Barn by Barn
Eileen Chiarello launches crowdfunding company to support “good food” entrepreneurs.
Briana Marie Forge
Eileen Chiarello is no stranger to good food. She and her husband, celebrated chef Michael Chiarello, have been creating restaurants, wine brands, and television cooking shows together for more than a decade.
Now setting off on her own, Eileen Chiarello has launched Barnraiser, an Internet-based crowdfunding company that supports “good food” artisans, innovators, educators, and farmers. She is rallying the digital revolution to promote change in America’s factory-to-table food production system, an industry she says is broken.
“Barnraiser will include anyone who is moving the needle in the right direction,” says Chiarello, as she drives from the company’s Sausalito office to her home in St. Helena.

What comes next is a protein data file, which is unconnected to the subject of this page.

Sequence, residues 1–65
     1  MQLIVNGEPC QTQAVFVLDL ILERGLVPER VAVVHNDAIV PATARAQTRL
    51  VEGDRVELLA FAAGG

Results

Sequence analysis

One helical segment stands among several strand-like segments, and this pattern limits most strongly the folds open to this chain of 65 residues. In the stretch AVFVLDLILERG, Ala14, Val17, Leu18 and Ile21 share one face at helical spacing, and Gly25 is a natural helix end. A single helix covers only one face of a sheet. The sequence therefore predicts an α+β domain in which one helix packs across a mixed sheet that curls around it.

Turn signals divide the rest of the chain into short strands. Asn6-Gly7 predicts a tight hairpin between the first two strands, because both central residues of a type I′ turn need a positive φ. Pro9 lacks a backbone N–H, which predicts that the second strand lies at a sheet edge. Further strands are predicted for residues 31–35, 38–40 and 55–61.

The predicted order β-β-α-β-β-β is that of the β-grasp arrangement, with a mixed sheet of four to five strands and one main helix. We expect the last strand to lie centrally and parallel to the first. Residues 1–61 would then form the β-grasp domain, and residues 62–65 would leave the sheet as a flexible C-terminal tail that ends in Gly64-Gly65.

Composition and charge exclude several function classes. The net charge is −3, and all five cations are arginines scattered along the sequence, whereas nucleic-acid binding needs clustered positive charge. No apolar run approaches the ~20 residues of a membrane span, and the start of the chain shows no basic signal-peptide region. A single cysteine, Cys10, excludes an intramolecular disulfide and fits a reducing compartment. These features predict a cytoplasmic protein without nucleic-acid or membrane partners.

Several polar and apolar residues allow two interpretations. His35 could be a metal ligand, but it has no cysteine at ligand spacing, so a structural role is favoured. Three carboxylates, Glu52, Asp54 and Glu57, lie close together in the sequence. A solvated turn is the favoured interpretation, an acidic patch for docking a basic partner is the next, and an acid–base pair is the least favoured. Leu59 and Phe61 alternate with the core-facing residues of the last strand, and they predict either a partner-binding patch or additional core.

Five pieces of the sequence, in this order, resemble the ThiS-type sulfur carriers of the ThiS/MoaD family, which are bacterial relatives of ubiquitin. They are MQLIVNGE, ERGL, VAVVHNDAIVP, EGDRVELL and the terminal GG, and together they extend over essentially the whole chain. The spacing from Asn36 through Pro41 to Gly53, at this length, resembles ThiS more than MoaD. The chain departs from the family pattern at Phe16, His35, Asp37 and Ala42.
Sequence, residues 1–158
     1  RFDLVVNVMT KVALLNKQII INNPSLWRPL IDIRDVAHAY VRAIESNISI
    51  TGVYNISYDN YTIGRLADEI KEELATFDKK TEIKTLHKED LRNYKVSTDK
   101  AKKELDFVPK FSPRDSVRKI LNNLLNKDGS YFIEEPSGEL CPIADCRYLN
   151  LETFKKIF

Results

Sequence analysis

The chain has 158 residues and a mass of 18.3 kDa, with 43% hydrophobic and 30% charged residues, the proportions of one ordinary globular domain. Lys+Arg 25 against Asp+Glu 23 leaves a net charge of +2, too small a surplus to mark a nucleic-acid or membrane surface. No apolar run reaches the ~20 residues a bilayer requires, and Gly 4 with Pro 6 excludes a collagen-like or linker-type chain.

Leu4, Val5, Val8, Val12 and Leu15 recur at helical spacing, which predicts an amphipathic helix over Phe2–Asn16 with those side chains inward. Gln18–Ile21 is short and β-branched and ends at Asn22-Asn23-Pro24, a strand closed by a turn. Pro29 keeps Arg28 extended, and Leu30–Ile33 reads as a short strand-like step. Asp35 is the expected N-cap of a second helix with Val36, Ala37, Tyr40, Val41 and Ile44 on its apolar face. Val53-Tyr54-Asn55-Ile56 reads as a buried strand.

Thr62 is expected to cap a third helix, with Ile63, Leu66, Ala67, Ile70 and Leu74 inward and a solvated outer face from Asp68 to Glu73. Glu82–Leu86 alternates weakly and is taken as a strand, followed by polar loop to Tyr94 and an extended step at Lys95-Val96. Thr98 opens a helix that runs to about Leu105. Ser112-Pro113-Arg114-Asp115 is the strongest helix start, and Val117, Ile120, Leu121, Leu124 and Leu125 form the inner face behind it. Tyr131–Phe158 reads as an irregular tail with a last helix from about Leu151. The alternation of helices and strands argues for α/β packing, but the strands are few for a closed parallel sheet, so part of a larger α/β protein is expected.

Modeled after the crowdfunding site Kickstarter, Barnraiser employs timed fundraising periods and leverages social media to spur donations. In exchange, funders are offered incentives: feel-good company swag, gift certificates, or even invitations to special events. Barnraiser keeps 5 percent of all donations as well as an additional 4 percent for credit card charges.
The company’s website went live last spring. An aquaponic farmer, a beekeeper, an urban teacher, and a fermentation specialist seeking financial backing were some of the first people spotlighted. Barnraiser tells their stories using wistful photography and compelling language, creating romanticized images of life on the land, and softening any hint of a hard sell.
The name Barnraiser refers, of course, to the tradition in some farming communities of neighbors gathering to build barns for one another. Chiarello and her panel of advisors believe the same community effort is needed to support sustainable-foods entrepreneurs who compete with agri-business farmers, she says.
“Barnraiser is about changing our food system, and we’re going to do it barn by barn,” Chiarello says. barnraiser.us.